Long story short, we were screeners at the entrance. Our x-ray machine (like the one you'd see at the airport, with a treadmill type bit pulling bins through some hanging rubber guards into the x-ray) was a hassle.
See the issue was, most delegates had very little to put through. A watch, a belt, a wallet, the odd item here and there. The "curtains" were pretty stiff. So the issue was, with only these light items in the bin, it could never get through the curtains - their weight was greater so it just spun on the treadmill stuck before them.
One of the geniuses on a team next to me came up with a solution. We shall take 6 water bottles, and tape them together in a bowling pin style triangle with black duct tape. This will weigh down the bin so it can get through!
And I must admit it worked... Like twice. Until the next delegate mistook it for a bomb - and picture it... 6 bottles with no labels and some fluid in them black-taped together...
The RCMP got involved... It was a whole scene.
No custom mcgyver weights are to be used by screeners any longer.
Taking This All The Way Up The Corporate Ladder
Years ago, I bought a computer from Dell. I paid for it with my debit card, and excitedly monitored the build status every day, checking in at work, and on my days off going to the library to check on expected shipping updates.
When I made the purchase, it was a five to seven day expectation for delivery. At day ten, when it had gone from "order accepted" to "order prepped" to "order built" it suddenly went back to "order accepted." Stage One.
I called their customer service line and was told there had been a glitch in the system, and the order got expedited, and soon was back at "order built" and I was just waiting on shipping confirmation. The next day, back to "order accepted" again. This happened every day for five days. Cue another call to customer service. Apparently, there was a problem with payment, and they referred me back to my bank because the payment was on hold. Called my credit union, and they told me it was just an authorization hold waiting on final confirmation from the merchant. Called Dell back, and they saw the same thing, but even the customer service director couldn't say why it hadn't finalized, but every time the payment didn't finalize they literally took the box with the computer off the loading dock and sent it back to stage one, again and again and again.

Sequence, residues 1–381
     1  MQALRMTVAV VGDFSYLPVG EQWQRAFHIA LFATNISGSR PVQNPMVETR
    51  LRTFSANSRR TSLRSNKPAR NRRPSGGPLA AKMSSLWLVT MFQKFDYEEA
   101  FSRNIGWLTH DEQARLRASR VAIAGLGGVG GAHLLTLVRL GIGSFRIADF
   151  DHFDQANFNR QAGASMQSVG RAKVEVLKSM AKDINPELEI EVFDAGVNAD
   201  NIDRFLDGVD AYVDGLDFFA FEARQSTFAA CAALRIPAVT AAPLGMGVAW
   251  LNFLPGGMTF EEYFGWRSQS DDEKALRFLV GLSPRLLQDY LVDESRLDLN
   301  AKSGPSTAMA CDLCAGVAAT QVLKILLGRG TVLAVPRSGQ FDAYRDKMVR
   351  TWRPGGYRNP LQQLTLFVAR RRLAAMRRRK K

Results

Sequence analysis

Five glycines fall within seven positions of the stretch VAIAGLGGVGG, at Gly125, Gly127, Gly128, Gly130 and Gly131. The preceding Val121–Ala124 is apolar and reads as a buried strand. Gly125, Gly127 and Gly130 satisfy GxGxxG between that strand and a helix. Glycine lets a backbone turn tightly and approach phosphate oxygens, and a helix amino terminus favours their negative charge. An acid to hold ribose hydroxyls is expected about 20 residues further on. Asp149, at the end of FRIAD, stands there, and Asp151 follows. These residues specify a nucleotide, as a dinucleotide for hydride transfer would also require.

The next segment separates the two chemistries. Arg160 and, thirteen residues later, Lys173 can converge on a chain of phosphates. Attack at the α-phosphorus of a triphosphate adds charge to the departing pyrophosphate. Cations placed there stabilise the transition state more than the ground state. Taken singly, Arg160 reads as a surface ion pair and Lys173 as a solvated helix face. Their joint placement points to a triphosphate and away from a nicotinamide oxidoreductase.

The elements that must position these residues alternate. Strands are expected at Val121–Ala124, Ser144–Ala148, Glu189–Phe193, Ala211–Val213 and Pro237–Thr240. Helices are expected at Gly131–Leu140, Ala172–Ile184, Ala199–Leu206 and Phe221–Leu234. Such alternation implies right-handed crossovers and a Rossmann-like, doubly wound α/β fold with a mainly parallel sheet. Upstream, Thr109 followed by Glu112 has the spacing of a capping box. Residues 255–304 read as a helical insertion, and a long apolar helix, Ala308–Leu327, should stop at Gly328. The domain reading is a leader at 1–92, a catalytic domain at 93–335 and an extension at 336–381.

This led to a long hold while the customer service director looked into their billing system, and ended up transferring me too a very nice lady in their accounting department. Initially, she thought I was an in house person from the listing dock asking about a customer's order, but quickly got up to speed. She was covering for a coworker who helped with in house billing system troubleshooting who was out on vacation, and usually just handled tracking the accounting from Dell sending parts from one warehouse and factory to another, but she dug in and figured out that the issue was that I was paying with a debit card, not a credit card. Now, debit cards were still relativity new. Most banks capped the amount you could spend per day at $250 to $500, but my credit union was one of only five financial institutions that didn't cap it at all; they proudly noted on a monthly statement insert that the credit union felt that it was your money to manage they way you wanted to. However, Dell didn't accept debit cards at all, not for a dime, not for the $800 I was trying to spend. The nice lady in accounting, however, had just come back from a conference, and knew that there was a push to more banks to act like my credit union and remove their spending caps. She told me to hang tight and she was going to get it done for me. I told her I could change my payment method to a credit card, but she told me that would delay the whole process.
Two days later, I got a call from her. She had made a presentation to the CEO, CFO, and several VPs making the case that Dell needed to get ahead of the curve and start accepting debit cards, with no spending limits, because the banking rules were going to be changing very soon and more people were going to be spending money with Dell the way I tried to. They had to implement a process to start accepting debit cards, which had required a rush overnight change from their merchant bank, and my purchase was their test case. She had me check with my credit union, who showed the funds were officially a purchase and not just an authorization hold, then she called the loading dock and made sure my computer was on a truck.
Within ten minutes I had an email with a tracking number.
TL; DR I'm the reason Dell takes debit cards.